dolorosa_12: (le guin)
[personal profile] dolorosa_12
BBC Scotland has been posting little interviews on Twitter with people who migrated to and made their homes in Scotland. They're all really wonderful, but this one in particular really resonated with me. The specifics are obviously very different (he's a Polish baker living in Scotland, I'm an Australian librarian living in the southeast of England), but the underlying foundations of our respective migration stories — as far as I can tell from a heavily edited three-minute interview — are the same. Our adult lives in our countries of origin didn't feel right, like a coat that didn't fit. We were restless, directionless, not sure how to be where we were, and, like a last, desperate throw of the dice, we left, as if changing our location would enable us to change ourselves. And, astonishingly, that is what happened.

I forget, sometimes, until I compare my life ten years ago with what it is now, how miserable and uncomfortable and frightened I was. I felt like I had lost myself. I didn't realise how depressed and afraid I was until, in complete desperation, I emigrated, and realised, after about a month, that the fog had completely lifted. That the fear had gone. That I felt like myself again, for the first time in my adult life.

Migration isn't always big, and bold, and part of something larger. It's not always for a broader reason: fleeing danger, seeking a better life, moving towards concrete opportunities. Sometimes it's small, and personal, flailing about in the dark, moving blindly forwards without knowing whether what awaits you will be better. And, if you're very, very fortunate — and if your new home welcomes you and allows it — you shed your skin, and figure out who you are, and how to be that person again.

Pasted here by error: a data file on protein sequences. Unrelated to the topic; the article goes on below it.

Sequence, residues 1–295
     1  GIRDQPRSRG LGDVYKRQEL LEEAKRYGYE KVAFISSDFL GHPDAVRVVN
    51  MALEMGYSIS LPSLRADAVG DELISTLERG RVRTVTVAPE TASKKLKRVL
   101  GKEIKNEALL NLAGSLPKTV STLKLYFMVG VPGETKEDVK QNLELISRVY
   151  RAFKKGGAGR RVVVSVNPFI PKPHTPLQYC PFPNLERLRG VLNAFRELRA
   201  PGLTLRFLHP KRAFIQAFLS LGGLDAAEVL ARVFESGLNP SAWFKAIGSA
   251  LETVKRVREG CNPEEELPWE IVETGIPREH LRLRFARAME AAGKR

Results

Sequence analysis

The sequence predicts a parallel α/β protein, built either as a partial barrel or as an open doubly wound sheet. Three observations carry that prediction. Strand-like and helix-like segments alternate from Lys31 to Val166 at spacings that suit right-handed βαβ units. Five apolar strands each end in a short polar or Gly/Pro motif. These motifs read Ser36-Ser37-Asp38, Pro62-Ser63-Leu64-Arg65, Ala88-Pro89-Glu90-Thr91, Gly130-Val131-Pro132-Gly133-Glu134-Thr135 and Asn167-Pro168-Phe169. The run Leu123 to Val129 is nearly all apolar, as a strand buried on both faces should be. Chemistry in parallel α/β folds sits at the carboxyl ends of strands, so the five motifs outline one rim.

Date: 2019-01-28 11:04 am (UTC)
merit: (Plant)
From: [personal profile] merit
I'm glad you found a place you feel at home! :)

Date: 2019-01-28 09:31 pm (UTC)
bruttimabuoni: (Default)
From: [personal profile] bruttimabuoni
That's a very lovely thought. I'm feeling quite stuck at the moment, and it's really good to hear what's worked for other people.

Date: 2019-02-02 09:09 pm (UTC)
lyr: (Eddie go home: sprig_muslim)
From: [personal profile] lyr
That's really interesting to me, because the opposite thing happened to me. After spending a lot of early years in one city (though in a constantly shifting series of apartments there), we started moving around. And in my young adult life I continued to move a lot. For a few years there, I had no actual home at all. I felt rootless and disconnected, which wasn't really so bad when I was young. But as I got a bit older I wanted a sense of home; it wasn't until I came back to my original city that I felt that.

Date: 2019-02-07 04:37 am (UTC)
lyr: (Default)
From: [personal profile] lyr
That's a fascinating journey; thanks for sharing. And you make an important point: I might not have found my sense of home corresponded with my memory of where it ought to be if I hadn't also met my queerplatonic life partner just as I moved back here. The people matter as much as the place to me, too.

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dolorosa_12: (Default)
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